Computed tomography dose index
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The computed tomography dose index (CTDI) is a commonly used radiation exposure index in X-ray computed tomography, first defined in 1981. The CTDI can be used in conjunction with patient size to estimate the absorbed dose. The CTDI and absorbed dose may differ by more than a factor of two for small patients such as children.
where is the number of slices acquired, is the slice thickness and is the radiation dose measured at position along the scanner's main axis.
This measurement is most often made using a 100-mm standard pencil dose chamber as this is representative of a typical scan length:
The absorbed dose to water (used to refer back to patient dose) is typically measured in a cylindrical head (16 cm diameter) or body (32 cm diameter) phantom of length approximately 14–15 cm.
The dose distribution imparted by a CT scan is much more homogeneous than that imparted by radiography, but is still somewhat larger near the skin than in the centre of the body. The weighted CTDI was introduced to account for this:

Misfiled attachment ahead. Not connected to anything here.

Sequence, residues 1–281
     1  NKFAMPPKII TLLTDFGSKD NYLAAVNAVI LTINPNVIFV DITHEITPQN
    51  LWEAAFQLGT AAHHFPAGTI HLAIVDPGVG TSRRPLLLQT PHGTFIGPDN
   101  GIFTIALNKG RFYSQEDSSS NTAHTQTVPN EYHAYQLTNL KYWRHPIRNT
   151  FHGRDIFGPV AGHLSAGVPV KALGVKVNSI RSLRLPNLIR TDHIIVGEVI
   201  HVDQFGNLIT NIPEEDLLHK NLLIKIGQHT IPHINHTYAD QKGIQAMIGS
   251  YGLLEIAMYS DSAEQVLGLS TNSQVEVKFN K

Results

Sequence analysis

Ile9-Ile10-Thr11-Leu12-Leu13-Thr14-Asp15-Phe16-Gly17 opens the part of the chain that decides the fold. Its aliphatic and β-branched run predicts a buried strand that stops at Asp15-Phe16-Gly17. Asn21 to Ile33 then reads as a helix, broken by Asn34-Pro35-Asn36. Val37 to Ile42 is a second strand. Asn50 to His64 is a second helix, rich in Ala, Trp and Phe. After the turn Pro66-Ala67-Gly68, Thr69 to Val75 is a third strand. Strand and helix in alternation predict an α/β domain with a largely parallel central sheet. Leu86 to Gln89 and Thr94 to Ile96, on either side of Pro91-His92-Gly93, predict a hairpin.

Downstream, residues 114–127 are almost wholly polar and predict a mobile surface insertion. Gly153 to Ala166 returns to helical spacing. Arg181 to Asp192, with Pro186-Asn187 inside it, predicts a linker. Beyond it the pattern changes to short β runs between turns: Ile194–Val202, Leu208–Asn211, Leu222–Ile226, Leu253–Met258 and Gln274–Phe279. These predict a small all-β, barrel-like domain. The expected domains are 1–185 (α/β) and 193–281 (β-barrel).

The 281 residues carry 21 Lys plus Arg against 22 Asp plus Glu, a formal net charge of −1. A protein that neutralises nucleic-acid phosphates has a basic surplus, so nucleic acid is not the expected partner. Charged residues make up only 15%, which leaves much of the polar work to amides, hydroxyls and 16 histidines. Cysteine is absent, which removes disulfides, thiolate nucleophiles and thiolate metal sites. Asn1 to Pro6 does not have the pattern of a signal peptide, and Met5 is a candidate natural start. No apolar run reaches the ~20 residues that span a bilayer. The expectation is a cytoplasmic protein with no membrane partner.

using measurements acquired at central and peripheral positions in the head or body phantoms described above.
CTDI in helical CT
In helical CT, the pitch of the machine - a factor of the speed at which the couch travels through the gantry and the tube rotation frequency - also impacts on patient dose. The pitch factor, P, is defined as
where is the distance travelled by the couch during one full gantry rotation and is the beam collimation (single-slice CT) or the total thickness of all simultaneously acquired slices (multislice CT). The following quantity is therefore used to take account of pitch:
Similar measures with yet wider chambers are useful for CT systems with large numbers of detector rows.
Relation to DLP
The dose-length product (DLP) is a quantity defined for use in CT as
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- "AAPM REPORT NO. 96 The Measurement, Reporting, and Management of Radiation Dose in CT" (PDF). AAPM. Retrieved 12 December 2016.
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- Hill, Brendan; Venning, Anthony J.; Baldock, Clive (2005). "A preliminary study of the novel application of normoxic polymer gel dosimeters for the measurement of CTDI on diagnostic x-ray CT scanners". Medical Physics. 32 (6): 1589. doi:10.1118/1.1925181.